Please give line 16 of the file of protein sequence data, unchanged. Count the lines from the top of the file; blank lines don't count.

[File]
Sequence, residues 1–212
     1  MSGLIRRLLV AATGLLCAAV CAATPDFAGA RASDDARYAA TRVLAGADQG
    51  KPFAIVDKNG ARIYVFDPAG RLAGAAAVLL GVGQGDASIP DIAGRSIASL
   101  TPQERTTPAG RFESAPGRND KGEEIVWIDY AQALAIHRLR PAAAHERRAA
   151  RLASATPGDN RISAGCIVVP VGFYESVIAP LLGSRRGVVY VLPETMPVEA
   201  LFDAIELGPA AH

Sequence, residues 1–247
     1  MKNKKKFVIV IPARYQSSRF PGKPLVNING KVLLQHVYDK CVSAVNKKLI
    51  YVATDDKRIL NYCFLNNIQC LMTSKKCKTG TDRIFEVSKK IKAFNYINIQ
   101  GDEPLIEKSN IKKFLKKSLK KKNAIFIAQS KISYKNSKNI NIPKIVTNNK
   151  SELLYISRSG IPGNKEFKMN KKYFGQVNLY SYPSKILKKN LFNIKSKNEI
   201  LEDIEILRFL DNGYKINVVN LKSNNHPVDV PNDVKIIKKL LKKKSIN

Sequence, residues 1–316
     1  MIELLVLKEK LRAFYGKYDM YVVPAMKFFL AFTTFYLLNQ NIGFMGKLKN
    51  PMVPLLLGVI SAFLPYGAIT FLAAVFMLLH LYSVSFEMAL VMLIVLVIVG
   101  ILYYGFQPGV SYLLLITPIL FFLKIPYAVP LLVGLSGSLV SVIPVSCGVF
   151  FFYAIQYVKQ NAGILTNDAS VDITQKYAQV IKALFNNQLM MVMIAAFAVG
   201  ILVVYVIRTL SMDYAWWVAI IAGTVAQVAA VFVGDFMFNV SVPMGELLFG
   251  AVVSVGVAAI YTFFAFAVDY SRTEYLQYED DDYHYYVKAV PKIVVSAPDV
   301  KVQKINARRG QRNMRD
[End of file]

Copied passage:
   101  ILYYGFQPGV SYLLLITPIL FFLKIPYAVP LLVGLSGSLV SVIPVSCGVF